Something is stirring. In recent days, senior Tories from both ends of the spectrum on Europe have suggested things might be simpler and better if Britain were to be back inside, or have closer access to, the EU’s single market. As the economic news gets worse, and it becomes even clearer that the UK’s suffering is greater than that of our neighbours and former colleagues, more voices will surely be added to the clamour for a better way of dealing with Europe.
A better way, perhaps, like Norway’s way. Being in the EEA (the European Economic Area) along with Iceland and Liechtenstein gives it better access to the single market – fewer tariffs, less red tape. Norway has the advantage of cutting its own trade deals and pays only to take part in the bits of the EU it feels it has to join for its own benefit, including the joint criminal intelligence agency Europol and the programme to help students study in other countries, Erasmus+.
Does that sound better than the version of Brexit Boris Johnson has saddled us with? Dr Ulf Sverdrup, director of the Norwegian Institute of International Affairs, does not mince his words. “The pain of the process for the UK has been just spectacular,” he says.
I interviewed Dr Sverdrup in Oslo for a BBC documentary six years ago, before the referendum that changed everything. I spoke to Norwegian firms that had been caught out by new EU regulations, economists, politicians, the fishing industry, farmers and the local equivalent of the CBI.
My conclusion, supported by nearly everyone I spoke to, was that while the system worked for Norway, it would not work for Britain. With a small economy dominated by oil and gas, the Norwegians could easily afford to just follow EU rules and directives to keep trade flowing smoothly and easily in what used to be called “government by fax”. Britain, meanwhile, a huge economy without those reserves of oil and gas, no sovereign wealth fund and large sectors of the economy dependent on trade with the EU, would need a seat at the table when new rules and regulations were discussed, proposed and introduced.
The documentary immediately led to a torrent of online abuse. All of it from Brexiteers. The nicest one was “Why are you such a lying shit, you lying shit?” (and actually, I have cleaned that up a bit). The pro-Brexit mob sent abuse because for them back then, Norway was the perfect solution, what Brexit was all about and the best option for the UK.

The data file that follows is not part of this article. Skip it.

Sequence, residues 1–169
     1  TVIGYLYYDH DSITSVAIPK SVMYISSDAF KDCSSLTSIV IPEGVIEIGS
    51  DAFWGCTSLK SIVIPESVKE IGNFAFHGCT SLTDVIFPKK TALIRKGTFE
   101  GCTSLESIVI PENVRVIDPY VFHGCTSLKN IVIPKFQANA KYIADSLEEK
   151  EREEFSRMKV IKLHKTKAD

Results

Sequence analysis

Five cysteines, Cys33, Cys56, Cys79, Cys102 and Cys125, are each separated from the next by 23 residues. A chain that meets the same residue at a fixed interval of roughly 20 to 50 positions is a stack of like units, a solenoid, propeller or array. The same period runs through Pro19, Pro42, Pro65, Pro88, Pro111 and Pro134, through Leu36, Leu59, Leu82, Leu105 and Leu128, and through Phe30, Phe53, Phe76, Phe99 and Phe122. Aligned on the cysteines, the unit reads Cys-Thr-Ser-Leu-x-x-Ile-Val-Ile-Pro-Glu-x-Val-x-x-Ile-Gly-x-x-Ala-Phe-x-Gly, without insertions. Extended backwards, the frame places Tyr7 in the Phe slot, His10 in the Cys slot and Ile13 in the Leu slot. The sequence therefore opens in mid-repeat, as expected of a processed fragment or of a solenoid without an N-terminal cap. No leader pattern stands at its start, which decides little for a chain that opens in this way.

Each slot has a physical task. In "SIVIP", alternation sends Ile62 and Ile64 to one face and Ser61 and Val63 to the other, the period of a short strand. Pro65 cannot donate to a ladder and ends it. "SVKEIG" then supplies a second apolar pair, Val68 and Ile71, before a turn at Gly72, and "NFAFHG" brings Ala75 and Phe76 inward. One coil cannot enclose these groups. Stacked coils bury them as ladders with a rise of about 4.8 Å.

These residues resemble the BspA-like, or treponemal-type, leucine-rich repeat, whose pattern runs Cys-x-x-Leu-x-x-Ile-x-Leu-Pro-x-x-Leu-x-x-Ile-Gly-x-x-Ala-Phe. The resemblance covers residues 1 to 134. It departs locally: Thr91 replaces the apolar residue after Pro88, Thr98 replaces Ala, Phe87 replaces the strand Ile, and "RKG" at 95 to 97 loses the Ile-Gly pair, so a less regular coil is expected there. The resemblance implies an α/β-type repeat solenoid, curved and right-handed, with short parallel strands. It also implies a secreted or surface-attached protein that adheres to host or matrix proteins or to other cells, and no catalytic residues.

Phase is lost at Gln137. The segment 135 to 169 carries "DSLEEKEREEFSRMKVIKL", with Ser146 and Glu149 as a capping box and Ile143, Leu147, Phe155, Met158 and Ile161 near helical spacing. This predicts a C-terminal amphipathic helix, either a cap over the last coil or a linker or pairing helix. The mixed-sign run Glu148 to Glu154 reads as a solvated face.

Yet the day after the referendum, the Norway option became treason. It was BRINO (Brexit in name only), a betrayal of the vote, it would leave us as a slave state, shackled to a corpse. In the end, the UK was lucky to leave with any kind of deal at all, as the ultras hung on for World Trade Organization (WTO) terms.
Now, six years later, Norway is back on the menu. The ultras are a smaller and smaller group, still powerful, but all that economic damage comes at a price. Moderate Brexiteers can back down and claim Norway was what they wanted all along; many Remainers might be able to live with it and economically it removes dozens of the problems Brexit has caused.
But what would it mean for the UK?
For a start, Norway as a member of the single market adheres to the four freedoms. The free movement of people, capital, goods and services, the very things that the UK is missing Is Norway the way back? desperately. But, unfortunately, the things above all else that the Brexit supporters wanted to end, especially the free movement of people.
It also means that Norway has to accept the rules of the single market, except for those affecting agricultural and fish products, which it fiercely defends, and although it is consulted on any new rules and regulations, it most certainly does not get a vote on any of them.